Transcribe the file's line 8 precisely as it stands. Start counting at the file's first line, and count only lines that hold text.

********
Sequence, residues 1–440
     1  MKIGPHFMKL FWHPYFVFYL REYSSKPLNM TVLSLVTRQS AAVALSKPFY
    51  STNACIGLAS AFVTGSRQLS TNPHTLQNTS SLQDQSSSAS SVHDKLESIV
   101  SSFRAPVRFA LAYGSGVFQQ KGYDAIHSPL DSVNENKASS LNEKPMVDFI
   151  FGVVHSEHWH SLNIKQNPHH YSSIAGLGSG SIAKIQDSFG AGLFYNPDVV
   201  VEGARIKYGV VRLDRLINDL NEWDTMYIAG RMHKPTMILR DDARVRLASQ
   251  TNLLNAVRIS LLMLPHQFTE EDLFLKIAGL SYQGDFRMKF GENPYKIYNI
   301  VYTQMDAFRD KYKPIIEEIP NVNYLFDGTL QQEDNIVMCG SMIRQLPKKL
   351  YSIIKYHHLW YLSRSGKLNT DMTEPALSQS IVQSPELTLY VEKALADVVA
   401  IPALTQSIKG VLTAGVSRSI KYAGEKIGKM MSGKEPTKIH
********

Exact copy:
   301  VYTQMDAFRD KYKPIIEEIP NVNYLFDGTL QQEDNIVMCG SMIRQLPKKL